DAISY Accessibility Framework

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In this report from the architecture subcommittee meeting at RFB&D in Princeton, New Jersey on February 4th and 5th 2008, we propose a new modular architecture for Zed Next as opposed to the current monolithic Zed spec. The main objectives of such an architecture are twofold:

  1. a modular specification is easier to maintain and extend than a monolithic specification: we identify simpler components which can be combined to form the full DAISY specification;
  2. we can identify the core accessibility framework within DAISY that can also be used in different contexts, helping bring DAISY concepts to the mainstream.


Some of the terms used throughout this documents:

  • Accessibility framework: the synchronization of equivalent content types, with navigation and semantics.
  • Fileset: the set of files necessary for the distribution of a single piece of content (e.g., in DAISY, the fileset for a book.) The accessibility framework relies on files of different type to represent all the information necessary for playback. This report acknowledges the necessity of a set of files for distributing content conforming to the proposed accessibility framework but makes no recommendation for the final specification of a fileset; for instance, notions of distribution or packaging are not addressed.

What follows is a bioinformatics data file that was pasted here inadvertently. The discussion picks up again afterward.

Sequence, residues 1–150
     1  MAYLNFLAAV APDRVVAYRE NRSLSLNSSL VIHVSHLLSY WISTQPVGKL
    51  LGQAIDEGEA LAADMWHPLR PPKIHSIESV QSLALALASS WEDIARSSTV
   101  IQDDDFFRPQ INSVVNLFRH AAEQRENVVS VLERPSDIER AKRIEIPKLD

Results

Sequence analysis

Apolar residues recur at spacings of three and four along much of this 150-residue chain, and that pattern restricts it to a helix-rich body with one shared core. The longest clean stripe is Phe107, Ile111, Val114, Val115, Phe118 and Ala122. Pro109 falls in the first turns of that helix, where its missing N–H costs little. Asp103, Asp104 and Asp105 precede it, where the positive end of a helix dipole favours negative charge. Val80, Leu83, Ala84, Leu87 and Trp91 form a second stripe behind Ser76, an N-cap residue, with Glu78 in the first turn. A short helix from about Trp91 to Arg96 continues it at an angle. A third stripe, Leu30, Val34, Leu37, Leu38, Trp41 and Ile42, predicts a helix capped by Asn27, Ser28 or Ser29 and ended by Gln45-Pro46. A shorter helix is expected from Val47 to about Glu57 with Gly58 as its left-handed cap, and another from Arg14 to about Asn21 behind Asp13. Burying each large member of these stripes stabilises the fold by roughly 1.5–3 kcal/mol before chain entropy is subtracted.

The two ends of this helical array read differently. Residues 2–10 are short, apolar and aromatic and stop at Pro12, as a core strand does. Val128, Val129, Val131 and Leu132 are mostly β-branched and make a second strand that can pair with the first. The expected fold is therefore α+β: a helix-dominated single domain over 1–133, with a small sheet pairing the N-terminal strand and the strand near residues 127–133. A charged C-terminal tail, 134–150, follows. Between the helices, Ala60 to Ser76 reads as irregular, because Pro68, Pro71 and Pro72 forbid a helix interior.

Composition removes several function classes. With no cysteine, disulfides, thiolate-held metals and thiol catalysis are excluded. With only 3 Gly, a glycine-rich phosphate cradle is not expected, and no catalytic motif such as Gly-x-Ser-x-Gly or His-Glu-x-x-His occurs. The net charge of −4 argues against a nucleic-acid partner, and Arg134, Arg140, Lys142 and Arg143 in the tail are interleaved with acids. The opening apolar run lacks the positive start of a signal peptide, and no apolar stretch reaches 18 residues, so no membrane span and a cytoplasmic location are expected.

• Module: A sub-part of a system or a specification. A module encapsulates a particular well-defined type of functionality, is cohesive and has low coupling to allow efficient reuse in different contexts.
  • Profile: a profile is a collection of modules and possible additional requirements (see below for more on profiles) that forms a logical whole: an entity that - as opposed to a module - can actually be used for a particular real-world purpose.
  • Extension: an extension is the addition of new or optional modules to a profile to add new features; see for instance the MathML in DAISY extension.
  • Reference implementation: an implementation of future specifications (namely, an authoring tool) probably based on the DAISY SDK from the Urakawa project should be provided in order to help acceptance and adoption of a new standard.
  • Discrete media vs. continuous media: this distinction also comes from SMIL. Continuous media, "such as stored audio or video files, [have] a measurable and well-understood duration." Discrete media, such as (static) images or text, have no intrinsic duration.

Accessibility Framework